The sharks stayed away for a while until, after lunch, there they were! One guy kept going into the cage and when he got in, the sharks would come and when he climbed out, they were gone again. The second time I went in I stayed in for 45 minutes; I was determined that once I got out I wasn’t going back in again. I was freezing and starting to feel sorry for myself. At the 45-minute mark, I called it. No sharks for me; I was done. As soon as I hopped out, the other guy got back in and there were the sharks!
That was it – I was getting back in the cage with the other guy and clinging to him; I was going to see the sharks. In the cage, my heart felt like it was in my mouth the whole time but when a shark finally appeared, it was incredible – a sudden peacefulness came over me as I watched in awe. A beautiful 6 metre (20 feet) female just showed up out of nowhere and gracefully circled us, intrigued. She was calm, curious and, honestly, one of the most beautiful creatures I’ve ever encountered. There I was, in her home, dressed like her favourite meal, and she just swam by and back again to have a look. It remains one of the most profound experiences of my life. My husband often muses about that moment: that there was a distinct lack of ominous background music but instead, pure silence.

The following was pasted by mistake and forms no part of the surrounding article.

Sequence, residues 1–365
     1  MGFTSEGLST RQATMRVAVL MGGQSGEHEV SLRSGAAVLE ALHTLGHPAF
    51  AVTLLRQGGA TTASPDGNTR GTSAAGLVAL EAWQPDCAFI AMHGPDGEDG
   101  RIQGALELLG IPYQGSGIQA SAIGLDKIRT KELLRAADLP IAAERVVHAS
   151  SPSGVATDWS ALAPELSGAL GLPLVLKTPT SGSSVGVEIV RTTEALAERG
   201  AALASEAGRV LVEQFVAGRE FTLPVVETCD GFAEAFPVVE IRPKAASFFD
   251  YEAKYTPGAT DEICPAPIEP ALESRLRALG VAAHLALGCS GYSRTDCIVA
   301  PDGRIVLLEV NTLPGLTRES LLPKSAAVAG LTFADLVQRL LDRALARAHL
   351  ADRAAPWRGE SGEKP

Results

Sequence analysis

The big downside to the trip was coming home with a rip-roaring inner ear infection. I’m what one might call ‘vertically challenged’ and this meant, when standing on the bottom of the cage, I was under more water than the others diving with me. The result was more water pressure in my ears and they suffered badly. I didn’t know how to equalise the pressure properly and, when the instructor gave me some tips, I didn’t follow them correctly leading to a nasty case of swimmers ear which then turned into something else. I was walking into door frames and the like for quite a while afterwards!
That night we rewarded ourselves with dinner at the Port Lincoln Hotel. I must say, the ‘surf and turf’ was to die for and completely worth the price tag – especially for a celebration such as this (not being shark food is definitely a cause to celebrate in my book!) The meat was incredibly
tender and juicy while the prawns were huge and perfectly done with a garlic sauce. To this day, this meal is one of the best I’ve had (no joke).
“But I’m not so keen on sharks”
If diving with Great White Sharks isn’t your cup of tea, Port Lincoln has so much more to offer. You can swim with Sea Lions instead (not near the sharks) or with Bluefin Tuna (yes, really). For those who prefer to keep their land-legs on the seafood is often touted The Best In Australia and there are several National Parks to explore. My pick is Coffin Bay, an hour west – this one is best experienced by four-wheel drive. Oyster fans will not be disappointed here.
The Eyre Peninsula is a remote destination, but one packed with wonder. It takes a bit of time and effort to get here, but you will never regret it.
by Amelia Winter
Amelia is an Adelaide girl who has travelled extensively throughout the world - but she always returns to her beloved hometown. Currently studying a degree in Psychology, she writes on the side: you can find out more at www.ameliawinterwrites.comRead more at ameliawinterwrites.com